from Wiktionary, Creative Commons Attribution/Share-Alike License
- adj. Characterized by anticipation.
from the GNU version of the Collaborative International Dictionary of English
- adj. Forecasting; of the nature of anticipation.
from The Century Dictionary and Cyclopedia
- Pertaining to, manifesting, or expressing anticipation; anticipative.
from WordNet 3.0 Copyright 2006 by Princeton University. All rights reserved.
- adj. in anticipation
Sorry, no etymologies found.
Perkins asked, crossing his legs at the knee, his expression anticipatory, respectful, his pen poised over his clipboard.
They asked us to put on a two-day seminar in Capitol Hill in '75, excuse me, on what we called anticipatory democracy.
It is the hope of the Nonesuch Press that this announcement will cause the blood of many true collectors to tingle in anticipatory possession …
I really must stop living one whole extra life in anticipatory fantasy, on top of my actual life which is altogether more ordinary.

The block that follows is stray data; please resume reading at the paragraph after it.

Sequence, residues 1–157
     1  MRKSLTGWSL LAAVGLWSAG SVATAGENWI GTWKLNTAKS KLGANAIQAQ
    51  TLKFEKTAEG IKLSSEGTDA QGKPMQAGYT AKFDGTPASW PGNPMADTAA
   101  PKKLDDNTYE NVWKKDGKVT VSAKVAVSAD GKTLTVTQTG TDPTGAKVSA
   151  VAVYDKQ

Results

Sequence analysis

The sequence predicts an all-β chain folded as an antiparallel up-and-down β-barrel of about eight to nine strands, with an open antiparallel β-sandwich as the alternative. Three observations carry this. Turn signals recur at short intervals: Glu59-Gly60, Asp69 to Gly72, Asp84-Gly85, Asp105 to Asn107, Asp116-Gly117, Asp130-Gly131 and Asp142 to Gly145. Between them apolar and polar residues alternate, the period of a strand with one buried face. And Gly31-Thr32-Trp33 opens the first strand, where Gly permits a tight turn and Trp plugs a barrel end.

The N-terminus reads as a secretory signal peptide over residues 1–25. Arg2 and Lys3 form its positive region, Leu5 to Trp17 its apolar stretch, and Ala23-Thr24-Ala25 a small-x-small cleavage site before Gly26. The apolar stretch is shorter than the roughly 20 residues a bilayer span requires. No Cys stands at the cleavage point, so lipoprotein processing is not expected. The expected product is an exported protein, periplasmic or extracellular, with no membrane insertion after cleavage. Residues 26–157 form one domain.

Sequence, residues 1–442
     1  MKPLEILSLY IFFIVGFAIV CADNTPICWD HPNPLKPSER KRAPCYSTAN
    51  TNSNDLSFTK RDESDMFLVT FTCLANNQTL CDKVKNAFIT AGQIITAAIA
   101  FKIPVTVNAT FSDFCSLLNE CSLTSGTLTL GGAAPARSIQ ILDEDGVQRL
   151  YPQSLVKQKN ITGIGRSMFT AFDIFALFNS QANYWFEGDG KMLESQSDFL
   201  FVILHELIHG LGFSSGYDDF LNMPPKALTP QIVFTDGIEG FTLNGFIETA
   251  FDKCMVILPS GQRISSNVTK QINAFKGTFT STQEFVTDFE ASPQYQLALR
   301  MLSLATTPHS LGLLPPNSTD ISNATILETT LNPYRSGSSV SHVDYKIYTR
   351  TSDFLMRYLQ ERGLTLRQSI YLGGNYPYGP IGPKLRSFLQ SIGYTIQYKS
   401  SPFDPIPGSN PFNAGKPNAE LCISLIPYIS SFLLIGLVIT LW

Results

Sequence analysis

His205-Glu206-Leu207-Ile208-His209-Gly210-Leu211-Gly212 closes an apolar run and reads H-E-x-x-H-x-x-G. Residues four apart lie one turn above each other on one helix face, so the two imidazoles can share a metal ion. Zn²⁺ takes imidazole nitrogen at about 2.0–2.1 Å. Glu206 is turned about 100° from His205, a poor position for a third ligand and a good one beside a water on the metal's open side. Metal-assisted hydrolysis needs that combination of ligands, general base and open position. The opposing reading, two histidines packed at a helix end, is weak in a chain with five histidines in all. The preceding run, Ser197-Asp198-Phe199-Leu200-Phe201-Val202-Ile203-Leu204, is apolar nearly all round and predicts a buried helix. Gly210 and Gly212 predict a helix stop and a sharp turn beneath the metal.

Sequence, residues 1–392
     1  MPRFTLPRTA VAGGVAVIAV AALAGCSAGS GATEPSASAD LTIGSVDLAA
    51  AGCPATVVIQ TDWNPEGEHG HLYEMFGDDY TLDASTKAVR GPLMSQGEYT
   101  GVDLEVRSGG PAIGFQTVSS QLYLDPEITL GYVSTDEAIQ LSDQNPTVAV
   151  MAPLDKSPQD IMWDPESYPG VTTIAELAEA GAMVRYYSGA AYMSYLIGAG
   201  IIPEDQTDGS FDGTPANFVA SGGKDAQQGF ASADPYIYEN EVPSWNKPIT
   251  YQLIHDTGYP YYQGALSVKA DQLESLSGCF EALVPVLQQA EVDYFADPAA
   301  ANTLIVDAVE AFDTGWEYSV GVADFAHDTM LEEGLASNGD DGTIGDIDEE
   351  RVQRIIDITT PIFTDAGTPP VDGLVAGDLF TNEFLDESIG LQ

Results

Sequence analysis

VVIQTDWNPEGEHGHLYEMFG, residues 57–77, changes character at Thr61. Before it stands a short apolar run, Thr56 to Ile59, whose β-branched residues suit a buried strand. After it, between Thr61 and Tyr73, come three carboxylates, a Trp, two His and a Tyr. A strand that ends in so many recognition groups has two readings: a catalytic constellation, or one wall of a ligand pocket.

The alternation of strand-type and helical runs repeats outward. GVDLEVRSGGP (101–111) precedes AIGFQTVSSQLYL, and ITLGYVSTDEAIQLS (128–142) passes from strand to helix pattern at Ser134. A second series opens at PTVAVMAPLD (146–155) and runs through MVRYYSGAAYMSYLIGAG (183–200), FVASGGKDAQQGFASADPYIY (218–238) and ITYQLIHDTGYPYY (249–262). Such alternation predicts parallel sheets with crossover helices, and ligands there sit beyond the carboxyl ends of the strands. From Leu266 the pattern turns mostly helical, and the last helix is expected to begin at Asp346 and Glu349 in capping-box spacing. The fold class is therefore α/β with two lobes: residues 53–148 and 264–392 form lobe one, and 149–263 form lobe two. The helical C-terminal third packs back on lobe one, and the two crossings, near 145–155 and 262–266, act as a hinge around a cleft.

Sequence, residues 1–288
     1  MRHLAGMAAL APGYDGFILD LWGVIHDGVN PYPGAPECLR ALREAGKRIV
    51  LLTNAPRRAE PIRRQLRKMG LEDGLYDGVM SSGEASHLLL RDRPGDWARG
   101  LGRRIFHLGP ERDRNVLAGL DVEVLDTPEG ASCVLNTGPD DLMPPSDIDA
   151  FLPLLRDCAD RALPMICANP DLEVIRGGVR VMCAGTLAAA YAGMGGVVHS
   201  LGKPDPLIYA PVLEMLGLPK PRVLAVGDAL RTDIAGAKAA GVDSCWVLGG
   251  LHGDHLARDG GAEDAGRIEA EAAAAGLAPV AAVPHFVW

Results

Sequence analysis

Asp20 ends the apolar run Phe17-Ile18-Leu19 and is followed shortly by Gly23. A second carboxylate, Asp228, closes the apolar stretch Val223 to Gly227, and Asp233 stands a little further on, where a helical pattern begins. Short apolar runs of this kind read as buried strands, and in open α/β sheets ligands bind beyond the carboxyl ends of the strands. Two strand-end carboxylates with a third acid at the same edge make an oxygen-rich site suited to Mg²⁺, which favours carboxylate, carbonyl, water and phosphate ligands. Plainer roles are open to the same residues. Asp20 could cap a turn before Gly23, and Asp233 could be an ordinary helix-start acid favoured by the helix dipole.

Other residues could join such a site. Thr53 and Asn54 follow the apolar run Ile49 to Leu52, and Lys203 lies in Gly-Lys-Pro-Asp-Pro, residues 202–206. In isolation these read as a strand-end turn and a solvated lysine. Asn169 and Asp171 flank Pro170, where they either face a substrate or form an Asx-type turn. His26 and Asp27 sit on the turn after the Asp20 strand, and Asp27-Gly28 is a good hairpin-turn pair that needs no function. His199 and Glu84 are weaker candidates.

These seemingly conflicting feelings of hope, fear, detachment, and love are normal and are known as anticipatory grief.
The group met this week to discuss tactics for calming athletes and distracting them from what Stephen Sands , the team leader, calls "anticipatory anxiety."
On an even deeper level, you need to watch your child with a level of anticipation experts call it anticipatory guidance, where you learn to see potential problems before they happen and steer your child to something else—kind of like keeping a soccer ball in play.
Then there's what Abrahamson calls the anticipatory screw-up.
Ahmad was standing in a way I could only describe as anticipatory, shoulders at one angle, hips at another.
It could be used as a lesson starter, sometimes called the anticipatory set.